CISA Emergency Farm Fund reopens to aid orchards with stone fruit losses

Posted on July 28, 2016 // view all Grants & Loans // News

CISA (Community Involved in Sustaining Agriculture) announced today that their revolving Emergency Farm Fund has been re-opened to aid western Massachusetts farms whose stone fruit crop was damaged by the extreme cold snap in mid-February. “Many peach growers in our region lost their entire crop, and other stone fruits such as plums were also damaged,” says Philip Korman, CISA’s Executive Director. “Farmers who lost their crops now find themselves in a difficult cash situation since there is no income coming from a peach harvest. We hope these loans will offer those farmers the option to continue farming until their next crop comes in without resorting to drastic measures.”

The CISA Emergency Farm Fund is offering zero-interest loans up to $10,000 to orchards impacted by the February cold snap. The application period will close on August 26, 2016. Application information can be found at buylocalfood.org.

The CISA Emergency Farm Fund was launched in 2011 in partnership with Whole Foods Market and Equity Trust. The Fund was a response to the damage suffered by farms in western Massachusetts due to Hurricane Irene. Through the Fund, CISA distributed $93,000 in $5,000 to $10,000 zero-interest loans to eleven farms in 2012. It was reopened in 2013 in response to greenhouse damage caused by a February blizzard and $30,000 in loans were distributed to three farms.

Korman explained that the creation of a disaster-recovery fund filled a longstanding financing gap for local farms. “The CISA Emergency Farm Fund is an important supplement to the public safety net provided by state and federal government programs. The Fund’s small, no-interest, quick turnaround loans are able to provide assistance right away to help tide the farms over. ”

CISA, an organization whose mission is to strengthen farms and engage the community to build the local food economy, has provided hundreds of farms with technical and marketing assistance over the past twenty years, but lending was a new addition to CISA’s services. “Our weather patterns are becoming increasingly volatile, and that’s challenging for weather-dependent businesses like farms,” says Korman. “February’s extremely cold temperatures were damaging because the winter had been unusually warm, and the year’s fruit buds were not adequately hardened to the cold.”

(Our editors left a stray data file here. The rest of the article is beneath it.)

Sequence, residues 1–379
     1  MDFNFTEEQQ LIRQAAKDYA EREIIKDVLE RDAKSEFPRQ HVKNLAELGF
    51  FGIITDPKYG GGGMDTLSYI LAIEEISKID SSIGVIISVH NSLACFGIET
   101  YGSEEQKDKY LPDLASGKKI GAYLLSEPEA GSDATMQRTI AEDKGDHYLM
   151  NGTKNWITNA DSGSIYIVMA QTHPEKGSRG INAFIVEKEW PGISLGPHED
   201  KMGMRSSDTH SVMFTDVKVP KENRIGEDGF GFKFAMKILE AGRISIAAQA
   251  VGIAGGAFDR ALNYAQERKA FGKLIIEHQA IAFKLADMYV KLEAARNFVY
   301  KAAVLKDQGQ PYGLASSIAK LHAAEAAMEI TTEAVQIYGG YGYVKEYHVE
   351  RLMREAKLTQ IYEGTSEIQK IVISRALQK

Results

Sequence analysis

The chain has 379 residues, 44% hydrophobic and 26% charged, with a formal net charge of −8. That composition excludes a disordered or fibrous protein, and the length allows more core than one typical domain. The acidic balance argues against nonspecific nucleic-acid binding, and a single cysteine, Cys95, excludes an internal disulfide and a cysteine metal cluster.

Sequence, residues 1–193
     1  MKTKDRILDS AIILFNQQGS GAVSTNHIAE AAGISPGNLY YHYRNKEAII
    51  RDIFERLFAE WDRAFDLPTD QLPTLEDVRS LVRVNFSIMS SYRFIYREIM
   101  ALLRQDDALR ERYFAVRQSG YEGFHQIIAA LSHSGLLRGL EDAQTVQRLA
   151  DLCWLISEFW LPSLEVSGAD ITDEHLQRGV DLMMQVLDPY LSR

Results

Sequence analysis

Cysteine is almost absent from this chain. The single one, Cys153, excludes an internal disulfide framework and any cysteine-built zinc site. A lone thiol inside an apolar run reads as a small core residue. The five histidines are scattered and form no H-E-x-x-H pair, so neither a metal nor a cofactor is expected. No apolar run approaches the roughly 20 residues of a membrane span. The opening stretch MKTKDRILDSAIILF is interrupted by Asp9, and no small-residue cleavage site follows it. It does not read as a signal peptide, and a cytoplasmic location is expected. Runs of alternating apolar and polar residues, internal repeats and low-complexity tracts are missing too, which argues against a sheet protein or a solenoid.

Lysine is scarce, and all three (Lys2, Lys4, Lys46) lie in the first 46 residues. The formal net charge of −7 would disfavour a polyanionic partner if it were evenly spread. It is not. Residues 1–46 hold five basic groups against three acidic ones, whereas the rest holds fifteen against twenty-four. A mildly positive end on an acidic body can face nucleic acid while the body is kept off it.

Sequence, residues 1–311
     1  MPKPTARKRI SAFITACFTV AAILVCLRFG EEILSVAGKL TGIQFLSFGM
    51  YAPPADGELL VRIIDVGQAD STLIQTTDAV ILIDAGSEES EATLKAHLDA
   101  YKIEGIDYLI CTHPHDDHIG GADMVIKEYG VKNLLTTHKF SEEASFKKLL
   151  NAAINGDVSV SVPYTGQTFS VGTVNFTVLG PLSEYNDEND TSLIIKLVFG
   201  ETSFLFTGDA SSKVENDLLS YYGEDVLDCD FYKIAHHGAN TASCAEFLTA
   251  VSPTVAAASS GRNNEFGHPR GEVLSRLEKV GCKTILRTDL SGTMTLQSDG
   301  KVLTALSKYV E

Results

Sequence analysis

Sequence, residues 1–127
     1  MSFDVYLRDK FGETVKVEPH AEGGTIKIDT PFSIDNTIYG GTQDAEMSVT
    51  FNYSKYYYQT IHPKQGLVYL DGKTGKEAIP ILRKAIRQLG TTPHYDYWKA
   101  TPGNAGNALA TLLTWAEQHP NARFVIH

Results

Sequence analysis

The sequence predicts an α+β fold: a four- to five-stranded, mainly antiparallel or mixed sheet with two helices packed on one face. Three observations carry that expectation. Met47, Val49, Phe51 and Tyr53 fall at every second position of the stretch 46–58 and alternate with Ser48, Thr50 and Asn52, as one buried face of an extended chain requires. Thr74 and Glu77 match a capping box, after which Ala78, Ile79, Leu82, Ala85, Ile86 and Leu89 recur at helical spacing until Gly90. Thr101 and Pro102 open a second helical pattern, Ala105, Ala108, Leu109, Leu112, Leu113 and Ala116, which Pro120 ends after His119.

The creation of the loan fund in 2011 was catalyzed by a $50,000 matching grant provided by an anonymous donor. The response from businesses and the community was impressive, with gifts from $5 to $20,000 pouring in. Whole Foods Market and The Farm Table at Kringle Candle each contributed $20,000. Other large donors included Farm Credit East, The Beveridge Family Foundation, Easthampton Savings Bank, Smith College, Florence Savings Bank, Deerfield Academy, and numerous individuals. “We are so pleased that the community stepped up for our farmers to set up this Fund and that the Fund will continue to help farms into the future. This is so important since our farmers make possible the food that sustains our families every day of the year,” said Korman.

The CISA Emergency Farm Fund is managed by CISA with the assistance of Equity Trust. The Loan Review Committee includes a team of people with a variety of agricultural backgrounds, including CISA staff, Whole Foods Market, Equity Trust, Massachusetts Department of Agricultural Resources, and farmers.
CISA is a nationally recognized organization of farmers, community members, and advocates working together to strengthen farms and engage the community to build the local food economy. Working in western Massachusetts and the region for over 20 years, CISA offers technical assistance to farmers, works to make local food more accessible to more people, and runs the nation’s oldest agricultural “buy local” campaign – “Be a Local Hero, Buy Locally Grown®.” Find out more about our work at buylocalfood.org or call 413-665-7100.

CISA is an equal opportunity provider.

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